Posted by Keith E. Buhler


  1. It’s funny how your link to Patton’s article goes right to your comment on it.

    I don’t understand why Patton, as a self-proclaimed Calvinist, would care that sovereign God allows his followers to leave His fellowship. Is it not foreordained?


  2. I’ve never understood that aspect of Calvinism either. It seems to me that, while you might be able to gin yourself up into action by telling yourself that God expects you to work hard whether it’s beneficial or not, you can’t really get too worked up over the upward and downward developments in the church. After all, God has already picked who is going up and who is going down.

    Having said that though, since I’m not a Calvinist, it does worry me. Part of the problem, I think, comes from one of the big changes to occur in our churches over the years. I don’t know exactly when it came about, but somewhere along the line, Sunday service became less about coming together with other believers to learn about God with some worship included, and more about bringing in non-Christians while putting on an entertaining show…I mean “worship service”. Think about it. We try to convert people by “inviting them to church”. That’s not what church is supposed to be for. But, by trying to make it accesible for all, we’ve dumbed down the theological content in our sermons. If people want to actually learn something, they have to read or investigate on their own, join a small group, etc. It leaves a LOT of Christians without sufficient theological firepower to defend themselves when confronted.

    Frankly, that is in part what made me start to get more serious about really studying my faith. A buddy I went to high school with got back in touch after not hearing from each other for a few years (over a girl…of course). By this time he had converted to Islam. He explained why, and though he fortunately didn’t want to spend more time discussing it, I realized that if he had, I would have very quickly run out of answers to give him. I was raised in a Christian family, went to Christian school, never smoked, never drank, etc. And yet, it was that easy for me to coast through the first 20-odd years of my life without ever really learning to defend what should have been my first priority.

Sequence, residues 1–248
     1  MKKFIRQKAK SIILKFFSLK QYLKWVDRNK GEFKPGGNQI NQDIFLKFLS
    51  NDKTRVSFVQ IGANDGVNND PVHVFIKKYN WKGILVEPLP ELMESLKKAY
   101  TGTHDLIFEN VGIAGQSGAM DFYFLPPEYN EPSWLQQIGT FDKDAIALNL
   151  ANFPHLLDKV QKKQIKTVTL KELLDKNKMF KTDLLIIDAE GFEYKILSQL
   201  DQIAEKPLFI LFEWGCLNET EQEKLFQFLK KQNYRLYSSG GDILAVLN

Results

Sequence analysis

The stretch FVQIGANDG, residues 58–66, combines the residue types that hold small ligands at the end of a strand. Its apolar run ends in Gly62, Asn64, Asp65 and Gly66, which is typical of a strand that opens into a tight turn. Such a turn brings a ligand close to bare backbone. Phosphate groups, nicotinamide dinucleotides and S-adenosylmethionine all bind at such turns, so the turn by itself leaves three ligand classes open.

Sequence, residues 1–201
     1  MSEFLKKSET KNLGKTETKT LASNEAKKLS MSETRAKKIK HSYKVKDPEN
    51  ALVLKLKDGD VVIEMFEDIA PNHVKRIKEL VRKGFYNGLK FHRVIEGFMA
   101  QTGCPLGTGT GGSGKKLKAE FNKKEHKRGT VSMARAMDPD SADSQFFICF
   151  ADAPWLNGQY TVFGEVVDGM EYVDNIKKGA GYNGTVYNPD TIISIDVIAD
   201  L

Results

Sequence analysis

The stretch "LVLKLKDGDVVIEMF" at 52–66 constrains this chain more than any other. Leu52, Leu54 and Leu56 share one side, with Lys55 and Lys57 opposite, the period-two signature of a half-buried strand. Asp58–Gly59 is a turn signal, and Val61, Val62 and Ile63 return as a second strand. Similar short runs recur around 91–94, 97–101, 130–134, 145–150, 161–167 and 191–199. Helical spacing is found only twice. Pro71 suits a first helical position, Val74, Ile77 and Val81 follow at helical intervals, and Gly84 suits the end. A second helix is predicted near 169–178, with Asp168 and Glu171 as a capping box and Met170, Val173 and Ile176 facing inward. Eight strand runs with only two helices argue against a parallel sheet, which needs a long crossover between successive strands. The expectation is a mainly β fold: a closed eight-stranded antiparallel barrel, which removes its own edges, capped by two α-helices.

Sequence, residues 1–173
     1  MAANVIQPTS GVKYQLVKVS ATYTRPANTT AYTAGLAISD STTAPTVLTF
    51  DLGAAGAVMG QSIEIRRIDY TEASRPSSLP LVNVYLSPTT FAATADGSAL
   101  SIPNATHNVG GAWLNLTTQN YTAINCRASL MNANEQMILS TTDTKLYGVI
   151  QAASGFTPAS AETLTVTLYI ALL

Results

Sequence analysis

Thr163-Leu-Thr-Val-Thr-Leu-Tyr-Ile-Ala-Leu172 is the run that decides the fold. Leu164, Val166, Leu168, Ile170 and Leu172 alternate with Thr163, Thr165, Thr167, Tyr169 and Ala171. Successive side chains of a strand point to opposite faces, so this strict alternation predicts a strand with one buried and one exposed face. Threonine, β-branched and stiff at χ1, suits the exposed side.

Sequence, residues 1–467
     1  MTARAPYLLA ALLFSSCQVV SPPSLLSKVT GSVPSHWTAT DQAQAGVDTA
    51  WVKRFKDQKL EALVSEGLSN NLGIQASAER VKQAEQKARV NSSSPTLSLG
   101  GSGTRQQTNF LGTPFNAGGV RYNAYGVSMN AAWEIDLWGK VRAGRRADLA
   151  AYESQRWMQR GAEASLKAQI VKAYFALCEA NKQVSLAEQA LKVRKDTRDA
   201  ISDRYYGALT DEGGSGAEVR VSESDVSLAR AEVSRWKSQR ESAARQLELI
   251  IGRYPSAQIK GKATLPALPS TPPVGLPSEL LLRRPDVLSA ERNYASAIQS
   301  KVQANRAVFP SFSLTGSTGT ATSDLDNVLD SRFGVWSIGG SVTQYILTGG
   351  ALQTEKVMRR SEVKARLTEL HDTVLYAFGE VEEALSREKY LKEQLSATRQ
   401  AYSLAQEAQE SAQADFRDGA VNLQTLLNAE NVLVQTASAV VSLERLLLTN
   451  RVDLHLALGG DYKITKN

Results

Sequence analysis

3. If one is truly a Calvinist, I do not see how they could be characterized as evangelical; it is a contradiction in terms.

    For those who believe that the true fellowship of Christ can grow–or shrink, in this instance–the exodus of believers should be troubling.


  4. It should be concerning for anyone who loves Christ and loves people, their other theological convictions aside. A Calvinist who loves people will be sad that 31 million are supposedly leaving the church (which seems like a weird statistic to me, but I’ll have to think about that a little more before commenting), because they love the souls of those who are walking away, just as any good Evangelical would. We are not sad because our institution is “going out of business,” (though perhaps it will encourage us to examine our practices) but because we love those who are being lost. Though I am not particularly Calvinistic myself and so might not be the best defender, it seems to me that a belief in God’s sovereignty does not negate a love of the lost.


  5. The Calvinist would recognize that those leaving the church were never really Christians at all and even those who faithfully attend church and lead Christian lives may be consigned to eternal damnation by divine fiat.

    It’s called predestination and the condemned cannot change their fate nor can anyone else.

    And there’s no use in crying over spilled milk.


  6. Misscate-I guess what I’m saying, and I think what Prufrock is saying too, is that the 31 million leaving the church couldn’t have been Christians to begin with, so it is no more sad than the billions of people who aren’t now and never have, claimed to be believers. Obviously any Christian can be concerned for the souls of those who don’t know Christ, but it’s the distinction between these folks and say, a Buddhist that I don’t get.


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